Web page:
Developer: Owlchemy Labs
Publisher: Adult Swim Games
Rating: M for Mature
Ever since Rick and Morty first aired on Adult Swim in December of 2013, it has received praise for its humor, writing, and creativity. No matter how ridiculous a scenario may be, there is almost a guarantee that a later episode will top it in some fashion. From being a point of contention over having a high enough IQ to enjoy the humor of the show to getting McDonald’s to bring Szechuan sauce back into production, this one show on late night has become a phenomenon, but is a game made with the license worthy of the same praise?
Violence: In one section of the game, you are trapped on an alien planet and must fight off the inhabitants after Rick steals an egg from a nature preserve. You may return to this section again if you wish. A helper called a YouSeeks can be summoned to help you to get items out of your reach. In order to get rid of them you must make the gesture to pull the headset attached to their face off, and this appears to be painful to them. You can also summon the helpers to the middle of the street by the garage where they can be run over by traffic. A baby alien is murdered by Rick so he can lure out the mother and father to also be killed.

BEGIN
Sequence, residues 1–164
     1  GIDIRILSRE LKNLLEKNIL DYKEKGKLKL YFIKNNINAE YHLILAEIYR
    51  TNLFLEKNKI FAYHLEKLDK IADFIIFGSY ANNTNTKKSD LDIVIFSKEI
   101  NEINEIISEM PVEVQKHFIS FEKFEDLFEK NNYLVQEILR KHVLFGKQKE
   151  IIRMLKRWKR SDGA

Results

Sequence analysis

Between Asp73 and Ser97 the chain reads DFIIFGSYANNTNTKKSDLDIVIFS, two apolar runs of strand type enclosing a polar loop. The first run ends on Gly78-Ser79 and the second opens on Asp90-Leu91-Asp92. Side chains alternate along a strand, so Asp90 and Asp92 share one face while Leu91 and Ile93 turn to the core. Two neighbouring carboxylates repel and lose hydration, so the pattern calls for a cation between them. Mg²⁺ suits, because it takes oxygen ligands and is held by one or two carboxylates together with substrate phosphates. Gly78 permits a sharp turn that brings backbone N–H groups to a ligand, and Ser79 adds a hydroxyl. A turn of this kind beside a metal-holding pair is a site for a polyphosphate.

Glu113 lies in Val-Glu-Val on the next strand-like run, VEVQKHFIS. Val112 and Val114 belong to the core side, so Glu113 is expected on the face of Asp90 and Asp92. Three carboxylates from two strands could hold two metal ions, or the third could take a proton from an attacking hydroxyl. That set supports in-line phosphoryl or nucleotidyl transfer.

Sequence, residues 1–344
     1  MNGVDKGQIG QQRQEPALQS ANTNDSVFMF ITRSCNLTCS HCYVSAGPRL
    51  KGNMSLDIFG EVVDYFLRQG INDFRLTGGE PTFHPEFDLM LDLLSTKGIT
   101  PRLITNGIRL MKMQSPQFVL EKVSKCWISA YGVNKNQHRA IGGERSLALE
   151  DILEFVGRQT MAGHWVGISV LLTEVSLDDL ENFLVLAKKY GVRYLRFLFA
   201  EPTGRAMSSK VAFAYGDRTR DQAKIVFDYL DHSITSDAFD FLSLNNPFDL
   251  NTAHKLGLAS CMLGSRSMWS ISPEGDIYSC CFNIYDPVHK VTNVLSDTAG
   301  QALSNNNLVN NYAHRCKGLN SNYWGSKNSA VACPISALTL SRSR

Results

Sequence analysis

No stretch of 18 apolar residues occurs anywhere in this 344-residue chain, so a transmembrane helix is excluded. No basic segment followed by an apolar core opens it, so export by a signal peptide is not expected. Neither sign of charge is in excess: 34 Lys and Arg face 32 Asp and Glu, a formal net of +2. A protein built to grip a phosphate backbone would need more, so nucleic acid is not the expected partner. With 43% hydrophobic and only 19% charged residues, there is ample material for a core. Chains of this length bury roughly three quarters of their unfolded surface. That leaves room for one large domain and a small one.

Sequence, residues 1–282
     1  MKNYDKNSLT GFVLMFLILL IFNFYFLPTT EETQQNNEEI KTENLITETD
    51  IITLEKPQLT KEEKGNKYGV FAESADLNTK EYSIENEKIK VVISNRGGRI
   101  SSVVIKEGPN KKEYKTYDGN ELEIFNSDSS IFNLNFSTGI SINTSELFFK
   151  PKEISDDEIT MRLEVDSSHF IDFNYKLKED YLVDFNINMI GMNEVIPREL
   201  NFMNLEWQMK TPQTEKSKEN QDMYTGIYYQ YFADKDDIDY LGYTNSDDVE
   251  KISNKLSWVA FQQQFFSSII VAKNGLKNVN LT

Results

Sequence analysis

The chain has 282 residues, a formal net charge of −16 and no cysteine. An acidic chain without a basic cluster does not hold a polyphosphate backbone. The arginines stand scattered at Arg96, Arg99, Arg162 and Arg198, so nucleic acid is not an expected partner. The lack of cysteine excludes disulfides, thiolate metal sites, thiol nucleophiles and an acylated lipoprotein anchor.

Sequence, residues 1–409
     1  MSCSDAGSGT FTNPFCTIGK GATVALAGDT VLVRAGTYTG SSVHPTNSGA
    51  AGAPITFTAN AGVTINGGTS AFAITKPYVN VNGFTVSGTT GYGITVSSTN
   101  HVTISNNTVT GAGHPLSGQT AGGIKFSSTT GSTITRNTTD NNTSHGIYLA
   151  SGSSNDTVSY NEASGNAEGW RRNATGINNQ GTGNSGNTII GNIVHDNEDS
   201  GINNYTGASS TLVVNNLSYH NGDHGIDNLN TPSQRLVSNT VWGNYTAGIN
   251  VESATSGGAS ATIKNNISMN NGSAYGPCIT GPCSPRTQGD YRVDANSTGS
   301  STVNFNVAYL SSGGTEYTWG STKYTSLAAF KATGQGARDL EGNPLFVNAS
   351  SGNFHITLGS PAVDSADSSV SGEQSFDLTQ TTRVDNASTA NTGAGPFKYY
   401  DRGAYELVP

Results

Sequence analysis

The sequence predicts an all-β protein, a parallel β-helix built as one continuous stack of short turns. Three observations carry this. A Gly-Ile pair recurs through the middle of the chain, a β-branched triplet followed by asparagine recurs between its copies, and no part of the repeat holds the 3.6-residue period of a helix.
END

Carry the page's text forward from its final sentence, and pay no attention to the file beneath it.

Language/Crude Humor: There is strong language frequently spoken during the game’s dialogue. The most common ones heard are f*ck and sh*t. There is a bathroom area where you can eat laxatives and produce feces. You can then eat said feces if you choose (there is a trophy tied to this; there is also a trophy for playing with the waste) and proceed to throw up. Your character is belittled a majority of the time he is on screen with any of the other characters.
Sexual Content: Jerry believes Morty is in the bathroom for the purpose of masturbation and tries to talk to him about it. He goes in depth on his experiences as a teenager on the matter. His real intent is to get his hemorrhoid cream from the bathroom. There is an item on Rick’s desk that looks strangely like a penis.
Drug/Alcohol Content: There are multiple alcoholic beverages in the garage where you spend a majority of the game. There are also different drugs you can be subject to using including one to make you throw up and the aforementioned laxatives. All of these can be consumed. The aforementioned baby alien can be fed these substances as well. The baby will poop and float around drunkenly if given the appropriate substance. However, the player’s responsiveness is not changed when they consume the drugs and alcohol.
In recent years, physics based games have been a rightful source of slapstick comedy in the gaming world. From games like QWOP to Surgeon Simulator, YouTubers the world over have been yelling at how bad they can be at getting their extremities in order to do simple things. This trend has thankfully made its way to virtual reality where you have a harder time getting them done because it is your virtual hands that just cannot do the things you real hands could. Many parody simulators have been released such as the aforementioned Surgeon Simulator from Bossa Studios, but there is another studio that has made similar games. Owlchemy Labs created Job Simulator for VR platforms a couple years ago. It won the gaming community over with its humorous take on mundane jobs seen through the eyes of robot overlords. Given the offbeat nature of Job Simulator, you would think they would be the perfect fit to make a game with the same wit. You would be right.